Senescent cells promote NAD tissue decline during aging through CD38 enzymes which can now become a novel therapeutic target.
Nicotinamide adenine dinucleotide (NAD) is a crucial metabolic coenzyme and reducing cofactor for oxidising enzymes such as poly-ADP-ribose polymerases (PARPs). Low levels of NAD have been linked to aging diseases and more recently it has been established that natural NAD levels decrease with age – yet the mechanisms behind the pathogenic effects of decreasing NAD remain elusive.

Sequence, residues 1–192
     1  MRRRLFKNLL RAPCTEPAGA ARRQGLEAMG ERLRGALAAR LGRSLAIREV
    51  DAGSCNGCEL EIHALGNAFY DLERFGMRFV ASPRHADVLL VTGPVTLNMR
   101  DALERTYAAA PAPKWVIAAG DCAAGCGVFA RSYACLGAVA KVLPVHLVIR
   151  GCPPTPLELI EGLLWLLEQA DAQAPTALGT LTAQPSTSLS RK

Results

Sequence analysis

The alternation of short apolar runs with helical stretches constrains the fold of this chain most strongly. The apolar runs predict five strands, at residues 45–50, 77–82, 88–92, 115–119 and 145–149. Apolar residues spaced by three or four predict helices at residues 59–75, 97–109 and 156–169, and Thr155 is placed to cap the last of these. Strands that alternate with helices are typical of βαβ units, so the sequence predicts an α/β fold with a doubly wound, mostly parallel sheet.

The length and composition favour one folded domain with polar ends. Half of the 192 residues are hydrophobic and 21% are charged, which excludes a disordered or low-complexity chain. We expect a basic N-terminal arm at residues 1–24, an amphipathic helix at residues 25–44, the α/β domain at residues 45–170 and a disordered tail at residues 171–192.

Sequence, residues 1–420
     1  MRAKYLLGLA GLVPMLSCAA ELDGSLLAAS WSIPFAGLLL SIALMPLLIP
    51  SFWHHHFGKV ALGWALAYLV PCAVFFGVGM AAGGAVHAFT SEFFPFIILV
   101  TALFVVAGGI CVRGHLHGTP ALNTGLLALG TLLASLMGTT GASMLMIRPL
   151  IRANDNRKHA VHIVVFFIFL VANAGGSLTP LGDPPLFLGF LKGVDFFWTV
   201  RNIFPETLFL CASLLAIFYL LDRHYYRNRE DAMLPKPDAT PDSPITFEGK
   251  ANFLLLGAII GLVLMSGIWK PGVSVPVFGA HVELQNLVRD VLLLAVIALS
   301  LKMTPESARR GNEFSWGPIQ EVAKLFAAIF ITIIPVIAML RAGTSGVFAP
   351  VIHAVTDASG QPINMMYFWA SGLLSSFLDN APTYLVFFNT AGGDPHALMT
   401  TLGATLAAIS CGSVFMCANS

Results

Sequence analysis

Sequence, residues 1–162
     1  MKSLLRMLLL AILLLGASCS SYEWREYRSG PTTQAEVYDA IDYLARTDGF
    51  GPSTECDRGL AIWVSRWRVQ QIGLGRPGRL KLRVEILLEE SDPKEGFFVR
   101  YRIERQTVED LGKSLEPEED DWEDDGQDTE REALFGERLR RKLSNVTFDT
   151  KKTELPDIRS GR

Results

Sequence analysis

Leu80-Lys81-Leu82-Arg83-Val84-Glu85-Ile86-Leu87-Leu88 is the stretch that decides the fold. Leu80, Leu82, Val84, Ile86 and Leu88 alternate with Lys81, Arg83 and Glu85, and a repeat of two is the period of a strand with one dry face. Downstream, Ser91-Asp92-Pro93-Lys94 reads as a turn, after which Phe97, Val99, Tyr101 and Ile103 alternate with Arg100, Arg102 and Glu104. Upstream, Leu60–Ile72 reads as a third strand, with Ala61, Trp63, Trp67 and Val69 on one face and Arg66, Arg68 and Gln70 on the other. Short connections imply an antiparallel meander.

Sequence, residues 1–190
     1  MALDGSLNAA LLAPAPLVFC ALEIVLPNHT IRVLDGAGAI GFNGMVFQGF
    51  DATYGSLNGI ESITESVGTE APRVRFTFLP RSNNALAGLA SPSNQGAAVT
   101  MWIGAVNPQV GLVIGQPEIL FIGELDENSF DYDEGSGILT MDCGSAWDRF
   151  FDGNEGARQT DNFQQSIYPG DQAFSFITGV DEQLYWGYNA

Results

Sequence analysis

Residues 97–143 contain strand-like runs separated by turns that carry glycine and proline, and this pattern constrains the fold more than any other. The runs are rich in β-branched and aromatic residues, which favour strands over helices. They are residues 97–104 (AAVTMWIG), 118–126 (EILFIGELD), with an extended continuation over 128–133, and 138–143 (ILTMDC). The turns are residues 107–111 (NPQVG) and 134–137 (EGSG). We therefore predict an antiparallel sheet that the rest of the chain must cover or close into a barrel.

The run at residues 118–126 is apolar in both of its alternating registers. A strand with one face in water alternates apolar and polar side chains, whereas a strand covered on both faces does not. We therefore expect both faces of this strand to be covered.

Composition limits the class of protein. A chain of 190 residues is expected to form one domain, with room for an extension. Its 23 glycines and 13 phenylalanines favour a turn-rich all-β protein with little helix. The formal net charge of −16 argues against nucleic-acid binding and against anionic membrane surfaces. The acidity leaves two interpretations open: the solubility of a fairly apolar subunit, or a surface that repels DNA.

NAD can be made in the body in two ways: through the de novo pathway from tryptophan or the salvage pathway from precursor vitamins nicotinamide (NAM), nicotinamide riboside (NR) and nicotinamide mononucleotide (NMN). The levels of NAD are therefore dependent on synthesis, metabolic consumption, as well as NAD hydrolase enzymes such as CD38 and CD157.
A study by Camacho-Periera et al. found that CD38 specifically dictates age-related NAD decline and mitochondrial dysfunction, one hallmark of aging.